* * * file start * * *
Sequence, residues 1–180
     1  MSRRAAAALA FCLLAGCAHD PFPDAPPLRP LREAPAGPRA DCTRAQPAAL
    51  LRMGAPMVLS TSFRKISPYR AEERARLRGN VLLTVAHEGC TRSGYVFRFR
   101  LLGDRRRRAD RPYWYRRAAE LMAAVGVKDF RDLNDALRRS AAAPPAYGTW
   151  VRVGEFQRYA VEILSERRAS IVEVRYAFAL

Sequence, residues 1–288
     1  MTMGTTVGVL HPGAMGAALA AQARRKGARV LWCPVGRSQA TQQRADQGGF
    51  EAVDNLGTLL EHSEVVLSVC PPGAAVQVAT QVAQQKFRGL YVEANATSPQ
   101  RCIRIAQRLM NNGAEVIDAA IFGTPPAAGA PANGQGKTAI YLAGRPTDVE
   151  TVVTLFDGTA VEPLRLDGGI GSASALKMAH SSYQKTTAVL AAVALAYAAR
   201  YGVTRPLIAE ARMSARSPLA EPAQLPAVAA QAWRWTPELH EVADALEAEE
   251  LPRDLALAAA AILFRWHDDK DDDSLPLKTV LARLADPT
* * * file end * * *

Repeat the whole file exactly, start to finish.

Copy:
Sequence, residues 1–180
     1  MSRRAAAALA FCLLAGCAHD PFPDAPPLRP LREAPAGPRA DCTRAQPAAL
    51  LRMGAPMVLS TSFRKISPYR AEERARLRGN VLLTVAHEGC TRSGYVFRFR
   101  LLGDRRRRAD RPYWYRRAAE LMAAVGVKDF RDLNDALRRS AAAPPAYGTW
   151  VRVGEFQRYA VEILSERRAS IVEVRYAFAL

Sequence, residues 1–288
     1  MTMGTTVGVL HPGAMGAALA AQARRKGARV LWCPVGRSQA TQQRADQGGF
    51  EAVDNLGTLL EHSEVVLSVC PPGAAVQVAT QVAQQKFRGL YVEANATSPQ
   101  RCIRIAQRLM NNGAEVIDAA IFGTPPAAGA PANGQGKTAI YLAGRPTDVE
   151  TVVTLFDGTA VEPLRLDGGI GSASALKMAH SSYQKTTAVL AAVALAYAAR
   201  YGVTRPLIAE ARMSARSPLA EPAQLPAVAA QAWRWTPELH EVADALEAEE
   251  LPRDLALAAA AILFRWHDDK DDDSLPLKTV LARLADPT